Technology is a part of our daily lives, and it’s also part of the day-to-day in business. Almost all businesses now have digital elements but, as the role of technology broadens, are businesses ready for the challenge?
The CBI’s Innovation Survey 2016, conducted in partnership with Deloitte, asked companies what technologies they thought were making an impact on their companies now.
Mission-critical technology now:
- Mobile technology: 89%
- Online platforms: 85%
- Social media: 85%
The results showed that a number of well known technologies are already near-ubiquitous among companies of all sizes and sectors. Mobile is top of the tree with 80 per cent citing it in their answers, closely followed by online platforms at 85 per cent, and social media and cloud computing at 85 per cent. These core technologies show little variation in use by sector: instead of one sector called digital, all sectors are heading that way.
Top techs for the next five years:
- Artificial intelligence (AI): 37%
- Internet of things (IoT): 30%
- Crowdsourcing: 27%
The next five years look exciting as businesses move boldly forward. Technologies that are currently confined to one or two sectors look likely to start hitting the mainstream. This fits with a broader trend we’re seeing as companies increasingly seek to redefine themselves as technology or innovation businesses.
Artificial intelligence tops the list of technologies that businesses expect to have an impact in the next five years. Tech companies are already in on the game, but finance, insurance and professional services are the next wave, with more than two-fifths of companies expecting AI will play a role in the development of each their industries.
And, in an increasingly digital future, it’s not just the traditional early technology adopters that are looking at the role that machine intelligence might play. Of the construction firms that responded to the survey, 38 per cent believe AI will have an impact in the next five years.
Internet of Things
Second on businesses’ list, is the Internet of Things (IoT) which has the potential to revolutionise supply chains, reduce waste and create increasingly responsive businesses in the long term. Nearly a third of companies expect this to be something their sector has to work with over the next five years. Currently the technology, transportation and manufacturing sectors are at the forefront, but looking further out, very few companies think their sector will be unaffected by the IoT.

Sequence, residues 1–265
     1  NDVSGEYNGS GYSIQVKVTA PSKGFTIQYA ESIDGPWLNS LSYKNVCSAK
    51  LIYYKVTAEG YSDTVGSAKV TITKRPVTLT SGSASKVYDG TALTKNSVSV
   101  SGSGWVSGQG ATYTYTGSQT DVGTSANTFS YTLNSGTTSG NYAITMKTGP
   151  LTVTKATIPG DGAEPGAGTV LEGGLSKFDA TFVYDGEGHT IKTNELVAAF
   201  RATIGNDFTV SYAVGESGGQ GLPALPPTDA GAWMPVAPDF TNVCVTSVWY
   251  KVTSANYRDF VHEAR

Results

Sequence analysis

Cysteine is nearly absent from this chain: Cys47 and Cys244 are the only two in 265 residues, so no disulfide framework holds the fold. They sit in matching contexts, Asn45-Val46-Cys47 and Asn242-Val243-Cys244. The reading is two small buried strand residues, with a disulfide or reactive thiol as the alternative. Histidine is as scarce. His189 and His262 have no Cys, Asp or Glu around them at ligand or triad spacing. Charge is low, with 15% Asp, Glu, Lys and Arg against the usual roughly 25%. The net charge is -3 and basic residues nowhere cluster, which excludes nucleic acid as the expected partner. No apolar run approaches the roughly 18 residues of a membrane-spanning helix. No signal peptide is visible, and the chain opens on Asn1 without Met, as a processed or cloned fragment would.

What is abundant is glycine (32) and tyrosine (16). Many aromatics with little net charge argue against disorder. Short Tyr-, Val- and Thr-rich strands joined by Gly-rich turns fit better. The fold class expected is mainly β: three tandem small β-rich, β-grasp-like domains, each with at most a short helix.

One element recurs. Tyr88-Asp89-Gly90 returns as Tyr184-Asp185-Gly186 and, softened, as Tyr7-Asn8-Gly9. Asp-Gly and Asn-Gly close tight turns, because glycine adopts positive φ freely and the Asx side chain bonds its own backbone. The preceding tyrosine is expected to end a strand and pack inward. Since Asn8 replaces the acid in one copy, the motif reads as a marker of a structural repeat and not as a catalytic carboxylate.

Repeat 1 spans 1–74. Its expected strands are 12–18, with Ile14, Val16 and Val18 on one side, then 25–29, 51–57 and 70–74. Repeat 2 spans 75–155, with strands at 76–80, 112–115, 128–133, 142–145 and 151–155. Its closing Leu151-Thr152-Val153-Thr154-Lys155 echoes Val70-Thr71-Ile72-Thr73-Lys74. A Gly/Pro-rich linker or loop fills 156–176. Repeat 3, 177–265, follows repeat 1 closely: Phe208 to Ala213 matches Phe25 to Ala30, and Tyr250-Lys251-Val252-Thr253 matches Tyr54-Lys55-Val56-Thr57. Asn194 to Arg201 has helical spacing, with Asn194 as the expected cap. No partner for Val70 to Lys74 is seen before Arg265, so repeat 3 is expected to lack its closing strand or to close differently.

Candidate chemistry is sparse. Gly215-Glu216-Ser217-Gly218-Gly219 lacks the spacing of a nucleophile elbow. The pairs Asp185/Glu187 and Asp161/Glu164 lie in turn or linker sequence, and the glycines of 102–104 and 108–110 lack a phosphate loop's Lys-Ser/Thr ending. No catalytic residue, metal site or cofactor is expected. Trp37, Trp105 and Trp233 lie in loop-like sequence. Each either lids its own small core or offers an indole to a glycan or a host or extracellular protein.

Crowdsourcing completes the list of the top three techs for the next five years, and again, it’s cross-sectoral. Previously the preserve of finance and tech sectors, firms across the piece are now considering ways to use technology to gather information from their customers, suppliers and other sources.
Are businesses ready?
While businesses can see the impact new technologies will have, there are still steps to take before they’re geared up to make the most of the opportunities that exist. In particular, CBI’s report Embracing Digital in every Sector found that there is an emerging digital divide between firms that do and do not have a long-term digital strategy.
As many as 45 per cent of businesses do not yet have a digital strategy that looks three to five years ahead. Around 30 per cent are planning for the next year or two, but 7 per cent of businesses have no sense of their digital plans at all – and this figure rises to 25 per cent among small businesses.
So what should businesses at the start of their digital journey do? Embracing Digital in every Sector suggests three things to focus on:
- Consider giving technology a strategic face, in the form of chief digital or technology officer.
- Make sure you are getting diverse advice at board level, and find new ways to inject digital skills at the strategic level.
- Collaborate with other businesses.
Supporting business digitisation is something the CBI will be working on in the year ahead, engaging with members as they adopt and develop new technologies.
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